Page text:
We, therefore, recommend that the prohibitions, particularly with respect to their application on critical habitat, be made Mens Rea offences, shifting the onus to the Crown to demonstrate that violations were clearly intentional. At a minimum, the federal government must work with the provinces to provide training for natural resource managers and private landowners who will be required to exercise due diligence in the planning and implementation of all resource management and agricultural activities. The government will also have to provide and make readily available information to enable natural resource managers and private landowners to identify individuals of listed species, their residences and critical habitat that have been identified by recovery strategies.

Failure to make such programs readily available will deprive Canadians of the means to defend themselves against criminal charges.

8.0 RECOVERY PLANNING AND CRITICAL HABITAT IDENTIFICATION

For recovery planning to be successful, it must be an inclusive process that involves local stakeholders in the design and timely implementation of solutions to the challenges facing species at risk. We are encouraged by some of the efforts made in this respect.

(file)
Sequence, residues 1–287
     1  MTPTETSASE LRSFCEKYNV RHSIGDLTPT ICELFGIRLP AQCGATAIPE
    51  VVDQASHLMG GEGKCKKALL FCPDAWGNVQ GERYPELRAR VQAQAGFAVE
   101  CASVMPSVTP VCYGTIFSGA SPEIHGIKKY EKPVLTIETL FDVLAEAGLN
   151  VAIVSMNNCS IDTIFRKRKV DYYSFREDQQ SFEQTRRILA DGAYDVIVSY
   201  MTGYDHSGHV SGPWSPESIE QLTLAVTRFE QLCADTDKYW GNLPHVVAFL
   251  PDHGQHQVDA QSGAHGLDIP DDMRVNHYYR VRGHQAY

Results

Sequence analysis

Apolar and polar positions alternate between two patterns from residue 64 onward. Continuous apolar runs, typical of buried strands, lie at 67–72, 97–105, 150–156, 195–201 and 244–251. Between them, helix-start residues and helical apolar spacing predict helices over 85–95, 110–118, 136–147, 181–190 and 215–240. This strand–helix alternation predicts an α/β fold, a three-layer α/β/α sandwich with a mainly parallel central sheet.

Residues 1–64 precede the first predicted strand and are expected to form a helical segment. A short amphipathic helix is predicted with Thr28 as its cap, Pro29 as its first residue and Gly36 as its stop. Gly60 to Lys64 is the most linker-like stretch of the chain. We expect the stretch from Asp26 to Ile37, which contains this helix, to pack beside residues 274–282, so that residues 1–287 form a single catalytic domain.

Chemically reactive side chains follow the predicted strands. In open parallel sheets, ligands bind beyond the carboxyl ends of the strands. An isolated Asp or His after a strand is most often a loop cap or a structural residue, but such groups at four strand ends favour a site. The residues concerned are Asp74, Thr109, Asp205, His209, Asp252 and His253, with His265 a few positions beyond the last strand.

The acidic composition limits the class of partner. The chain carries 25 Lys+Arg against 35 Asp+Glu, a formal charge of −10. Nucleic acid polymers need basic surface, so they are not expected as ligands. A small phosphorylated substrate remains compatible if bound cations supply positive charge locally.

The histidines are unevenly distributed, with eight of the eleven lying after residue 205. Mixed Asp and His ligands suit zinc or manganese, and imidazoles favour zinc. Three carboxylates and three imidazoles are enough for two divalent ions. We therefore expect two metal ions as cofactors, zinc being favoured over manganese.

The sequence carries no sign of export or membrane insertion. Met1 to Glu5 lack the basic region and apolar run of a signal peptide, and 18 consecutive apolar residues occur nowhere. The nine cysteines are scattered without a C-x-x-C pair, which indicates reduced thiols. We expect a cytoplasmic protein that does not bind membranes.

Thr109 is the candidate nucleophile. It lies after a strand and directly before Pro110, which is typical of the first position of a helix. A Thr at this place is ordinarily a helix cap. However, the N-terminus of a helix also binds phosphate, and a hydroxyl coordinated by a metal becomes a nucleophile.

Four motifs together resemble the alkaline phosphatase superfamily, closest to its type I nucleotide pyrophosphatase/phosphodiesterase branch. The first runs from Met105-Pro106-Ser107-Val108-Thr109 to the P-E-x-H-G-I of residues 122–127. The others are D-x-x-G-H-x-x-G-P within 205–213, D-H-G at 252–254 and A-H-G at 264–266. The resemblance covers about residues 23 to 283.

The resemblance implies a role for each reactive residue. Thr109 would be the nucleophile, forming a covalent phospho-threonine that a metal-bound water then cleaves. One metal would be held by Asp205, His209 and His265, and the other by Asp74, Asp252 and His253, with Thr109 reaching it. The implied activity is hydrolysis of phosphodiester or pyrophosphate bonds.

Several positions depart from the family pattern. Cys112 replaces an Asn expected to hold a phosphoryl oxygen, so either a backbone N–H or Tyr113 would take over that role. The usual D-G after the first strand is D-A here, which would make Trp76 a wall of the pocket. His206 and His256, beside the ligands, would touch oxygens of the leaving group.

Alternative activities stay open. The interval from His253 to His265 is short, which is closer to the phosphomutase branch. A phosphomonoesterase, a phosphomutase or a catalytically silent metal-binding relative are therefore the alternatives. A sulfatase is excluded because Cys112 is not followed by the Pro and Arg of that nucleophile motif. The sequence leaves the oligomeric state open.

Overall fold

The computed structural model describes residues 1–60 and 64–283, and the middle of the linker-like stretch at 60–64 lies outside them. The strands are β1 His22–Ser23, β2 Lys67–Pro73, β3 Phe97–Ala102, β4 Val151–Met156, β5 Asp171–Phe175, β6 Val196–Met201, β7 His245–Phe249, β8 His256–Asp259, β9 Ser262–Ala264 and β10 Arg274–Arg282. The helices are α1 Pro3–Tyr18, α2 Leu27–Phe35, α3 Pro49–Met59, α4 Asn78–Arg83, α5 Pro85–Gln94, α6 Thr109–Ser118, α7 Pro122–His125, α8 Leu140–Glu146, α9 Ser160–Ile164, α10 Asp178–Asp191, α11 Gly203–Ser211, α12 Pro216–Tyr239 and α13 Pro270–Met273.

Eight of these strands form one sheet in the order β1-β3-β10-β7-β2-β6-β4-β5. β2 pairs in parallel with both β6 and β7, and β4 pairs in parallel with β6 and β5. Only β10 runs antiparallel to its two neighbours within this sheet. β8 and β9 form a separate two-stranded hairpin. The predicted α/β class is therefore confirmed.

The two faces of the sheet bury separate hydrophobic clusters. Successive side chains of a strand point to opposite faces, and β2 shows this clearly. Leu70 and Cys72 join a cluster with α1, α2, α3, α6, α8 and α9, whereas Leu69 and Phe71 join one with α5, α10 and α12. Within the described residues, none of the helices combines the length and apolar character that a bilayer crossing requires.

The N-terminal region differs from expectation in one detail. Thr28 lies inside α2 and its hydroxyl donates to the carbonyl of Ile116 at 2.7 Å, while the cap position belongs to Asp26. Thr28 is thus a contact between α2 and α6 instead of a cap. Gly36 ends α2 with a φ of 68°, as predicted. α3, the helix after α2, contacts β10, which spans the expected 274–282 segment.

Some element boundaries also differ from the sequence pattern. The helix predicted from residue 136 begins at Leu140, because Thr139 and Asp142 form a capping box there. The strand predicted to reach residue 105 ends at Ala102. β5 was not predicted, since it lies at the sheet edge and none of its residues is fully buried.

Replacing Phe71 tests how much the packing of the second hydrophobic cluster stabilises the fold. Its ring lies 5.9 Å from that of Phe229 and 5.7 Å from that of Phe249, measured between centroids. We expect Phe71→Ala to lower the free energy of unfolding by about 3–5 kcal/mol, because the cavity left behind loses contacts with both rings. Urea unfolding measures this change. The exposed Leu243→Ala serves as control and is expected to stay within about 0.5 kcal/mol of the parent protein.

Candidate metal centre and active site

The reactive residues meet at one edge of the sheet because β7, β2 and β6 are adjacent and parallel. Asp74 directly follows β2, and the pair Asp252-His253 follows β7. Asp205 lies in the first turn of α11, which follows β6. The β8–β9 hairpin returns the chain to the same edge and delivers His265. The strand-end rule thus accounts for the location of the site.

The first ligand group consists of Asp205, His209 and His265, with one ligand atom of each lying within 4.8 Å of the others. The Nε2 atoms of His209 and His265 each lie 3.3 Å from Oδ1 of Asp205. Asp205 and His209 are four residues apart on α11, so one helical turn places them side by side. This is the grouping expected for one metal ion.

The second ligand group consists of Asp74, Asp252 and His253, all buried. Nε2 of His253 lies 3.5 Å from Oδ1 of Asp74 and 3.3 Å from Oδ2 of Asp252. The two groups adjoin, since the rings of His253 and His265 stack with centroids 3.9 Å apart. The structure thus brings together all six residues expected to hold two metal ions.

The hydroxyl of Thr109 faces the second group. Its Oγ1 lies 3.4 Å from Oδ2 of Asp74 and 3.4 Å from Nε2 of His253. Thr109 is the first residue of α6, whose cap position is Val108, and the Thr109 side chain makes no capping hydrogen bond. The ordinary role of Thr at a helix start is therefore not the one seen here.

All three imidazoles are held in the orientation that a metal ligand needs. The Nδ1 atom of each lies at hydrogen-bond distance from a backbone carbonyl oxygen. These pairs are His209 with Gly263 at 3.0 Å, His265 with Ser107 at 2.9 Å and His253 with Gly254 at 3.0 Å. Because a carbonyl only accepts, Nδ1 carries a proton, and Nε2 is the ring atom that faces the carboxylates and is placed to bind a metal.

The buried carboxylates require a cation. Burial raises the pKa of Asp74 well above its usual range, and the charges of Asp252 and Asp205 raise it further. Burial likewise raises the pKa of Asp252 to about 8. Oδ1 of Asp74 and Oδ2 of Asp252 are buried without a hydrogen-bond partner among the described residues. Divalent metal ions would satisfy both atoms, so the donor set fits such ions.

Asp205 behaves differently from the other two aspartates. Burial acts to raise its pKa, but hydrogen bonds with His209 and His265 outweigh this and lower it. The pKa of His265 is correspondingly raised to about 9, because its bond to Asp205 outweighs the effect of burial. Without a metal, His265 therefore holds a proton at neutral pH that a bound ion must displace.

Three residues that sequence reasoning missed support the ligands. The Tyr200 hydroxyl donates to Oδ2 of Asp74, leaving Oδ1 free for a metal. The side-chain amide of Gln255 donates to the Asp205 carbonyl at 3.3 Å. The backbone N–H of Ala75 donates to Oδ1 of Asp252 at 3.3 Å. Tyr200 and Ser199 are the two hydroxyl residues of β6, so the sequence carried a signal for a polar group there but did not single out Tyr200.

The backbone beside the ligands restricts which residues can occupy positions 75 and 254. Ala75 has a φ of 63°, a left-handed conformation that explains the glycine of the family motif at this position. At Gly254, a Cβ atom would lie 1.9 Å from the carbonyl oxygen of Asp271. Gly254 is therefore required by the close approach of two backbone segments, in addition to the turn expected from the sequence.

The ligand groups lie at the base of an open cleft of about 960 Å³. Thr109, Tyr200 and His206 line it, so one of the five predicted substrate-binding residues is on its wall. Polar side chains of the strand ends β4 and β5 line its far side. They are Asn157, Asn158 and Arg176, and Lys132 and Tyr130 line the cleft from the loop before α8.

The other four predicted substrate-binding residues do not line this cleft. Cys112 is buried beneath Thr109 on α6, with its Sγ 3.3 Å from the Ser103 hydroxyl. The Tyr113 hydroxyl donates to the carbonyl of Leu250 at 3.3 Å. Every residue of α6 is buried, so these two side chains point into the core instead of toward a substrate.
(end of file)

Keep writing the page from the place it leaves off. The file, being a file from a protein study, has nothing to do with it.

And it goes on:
Sections 39(1) and 48(1) state that the recovery strategy and the action plan must be prepared in cooperation with an array of partners including persons and organizations that the competent minister considers appropriate. We understand and agree that there cannot be 200 persons preparing a recovery strategy. We are also confident that key stakeholders, those that manage large areas or that are located in areas of high importance for a species at risk, will be invited to the table. Scientific, local and traditional knowledge will contribute to the development of well-founded, practical and cost-effective recovery programs.

Local stakeholders will be much more likely to support action plan measures if they feel, from the very beginning, that they have a role to play and that their concerns are taken into account. The inclusion of local stakeholders in action plan teams will help access local knowledge, support community buy-in, allow for adaptation of operating systems, and reduce socio-economic disruptions and the need for compensation. The recovery planning process outlined in SARA, for the most part, goes a long way toward achieving these outcomes.

We offer the following key recommendations that will complete what is already proposed in SARA.

8.1 RECOVERY STRATEGIES

Section 41 already provides a list of information that will be included in the recovery strategy. We would like to underline the importance of the identification of critical habitat based on scientific considerations. Identification of critical habitat should constitute a specific section of the recovery strategy.

A new subsection between 41-c and 41-d would read as follows :